It is interesting to note that some politicians were calling for essentially the same procedure to be used to achieve lunar orbit and thus save the cost of the planned orbital burn. Unfortunately, they all refused the offer to try it out first, even though the name 'Calamity Crater' had already been reserved for the (desired) outcome.
11th June, 2014 @ 9:25 a.m. (California Time)
That's it? With all the material science research going on, the best we have is what grampa came up with 50 years ago, and even then, we have to figure out how it was done? Why not just use the Apollo capsule, as is, and just retrofit the avionics? Works for another innovative US machine...the B-52 bomber
11th June, 2014 @ 9:31 a.m. (California Time)
VENTURE STAR was to be THE replacement for The Shuttle. From what I have been told by my NASA contacts, and what I have read, it was screwed up from within per engineering on purpose!
And of course there are the Congressthings and $$$. A friend at NASA said that funding is hard since Congressthings are constantly trying to get voters via promises and NASA just does not get that many voters.
A good friend who worked on the Shuttle --managing orbit rendezvous-- had nothing good to say per what she saw per NASA. She quit eventually.
The Right Stuff, per management, imagination, follow through was/is not there, and the Federal Budget is but pocket chump change from Uncle Sugar Daddy, thus we get the Back to the Future retro Apollo redo but with a nicer comfy Sci Fi inside. The Von Braun days are long gone and even then he saw the righting on the wall. His plan was to get the US to Mars by about 1985!!!
"Dave, I sense a complete failure coming..." "Yes HAL, I do too."
11th June, 2014 @ 9:54 a.m. (California Time)
The shuttle had wings. It was not a lifting body. Lifting bodies were tested as far back as '63 in the form of the M2-F1.
The shuttle was an example of deciding on a solution before determining whether or not it was the best route to the objective - reducing the cost of transporting people & materiel into space. A private sector effort would likely have produced a similar result given the same parameters.
Orion, in contrast, is designed to accomplish a mission within current parameters, which include cost & safety. If existing tech is the best solution at the best price, it should not be discarded because it isn't sexy. Interplanetary travel poses enough new challenges to consume all the money that will be available.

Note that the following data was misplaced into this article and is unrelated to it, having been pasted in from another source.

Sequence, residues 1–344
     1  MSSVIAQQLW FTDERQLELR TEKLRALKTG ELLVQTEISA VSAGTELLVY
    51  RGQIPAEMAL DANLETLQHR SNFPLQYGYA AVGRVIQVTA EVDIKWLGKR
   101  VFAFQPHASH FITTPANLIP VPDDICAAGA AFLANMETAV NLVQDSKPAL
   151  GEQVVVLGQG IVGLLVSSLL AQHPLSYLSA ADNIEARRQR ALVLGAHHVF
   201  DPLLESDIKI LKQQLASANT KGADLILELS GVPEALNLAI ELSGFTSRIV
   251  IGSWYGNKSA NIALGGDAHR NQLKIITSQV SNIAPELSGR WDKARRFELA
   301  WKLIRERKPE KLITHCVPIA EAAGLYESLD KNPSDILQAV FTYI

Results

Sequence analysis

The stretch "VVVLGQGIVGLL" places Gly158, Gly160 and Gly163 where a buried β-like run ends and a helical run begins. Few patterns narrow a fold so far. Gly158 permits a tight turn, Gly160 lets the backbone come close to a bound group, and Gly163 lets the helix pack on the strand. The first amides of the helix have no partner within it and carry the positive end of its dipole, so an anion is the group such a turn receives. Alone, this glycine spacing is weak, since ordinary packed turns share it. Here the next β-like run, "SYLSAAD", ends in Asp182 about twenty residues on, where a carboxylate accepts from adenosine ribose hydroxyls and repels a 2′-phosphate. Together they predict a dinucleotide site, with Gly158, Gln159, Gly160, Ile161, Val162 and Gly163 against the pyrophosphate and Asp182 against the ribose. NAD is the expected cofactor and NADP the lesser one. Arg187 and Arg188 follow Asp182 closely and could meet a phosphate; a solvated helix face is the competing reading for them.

11th June, 2014 @ 10:18 a.m. (California Time)
NASA got the short-shrift because the American Gov's been spending too much tax-payer dollars on ahem, "defense".
And it doesn't look like it's abating.
11th June, 2014 @ 10:51 a.m. (California Time)
Translation: "Orion doesn't look enough like the millennium falcon for my taste."
12th June, 2014 @ 8:52 a.m. (California Time)
There are alternatives that are cheaper to boot. SpaceX Dragon V2 for one.
In the end a heat shield is a cheap and very reliable way to generate a change in velocity when you have an atmosphere to work with. It takes about 8X the energy to gain orbital velocity than it takes to go straight up to the height of the orbit. you have to loose this velocity to get back on the ground in one piece.
@ Suckerberg Mark
It is massively expensive and does not offer anything that Dragon V2 does not.
12th June, 2014 @ 9:23 p.m. (California Time)
Thanks for explanation guys
it just seamed impractical to have the same vessel for two totally different applications, 1st being exit and reentry which are extremely stressful for all equipment + extra weight and unnecessary equipment stress for 2nd application - interplanetary journey (all of this, of course, when considering that transport costs might fall considerably if SpaceX reusable rocket systems come into service - and they probably will, and together with it also the cost of building a reusable space vessel in space..)
13th June, 2014 @ 6:42 p.m. (California Time)
Seems way to small for a trip to mars and back, small quarters for a 6 to 8 month to mars and then yet back.
I do not see how the orion is big enough or even capable of going to mars and have no interest to see them go back to the moon.
Where are the launders ? vehicles, ect ? to go to the moon.
This seems like a throw back of old ways and nothing more then a upgrade.
even some of the rockets built already to go to mars, collecting dust, we don't even hear about them,
tell me, they gonna sit or sleep in a cramped capsule for 6 to 8 months just to get to mars ! Does not seem like the orion is even close to being capable of a mission for more then a month !
12th September, 2014 @ 12:50 p.m. (California Time)
The wheel was invented centuries ago and it still is the best machine for hundreds of jobs today.. If Orion gets the job done for whatever it is needed for then use it. When a new wheel is invented then use it.
12th September, 2014 @ 9:41 p.m. (California Time)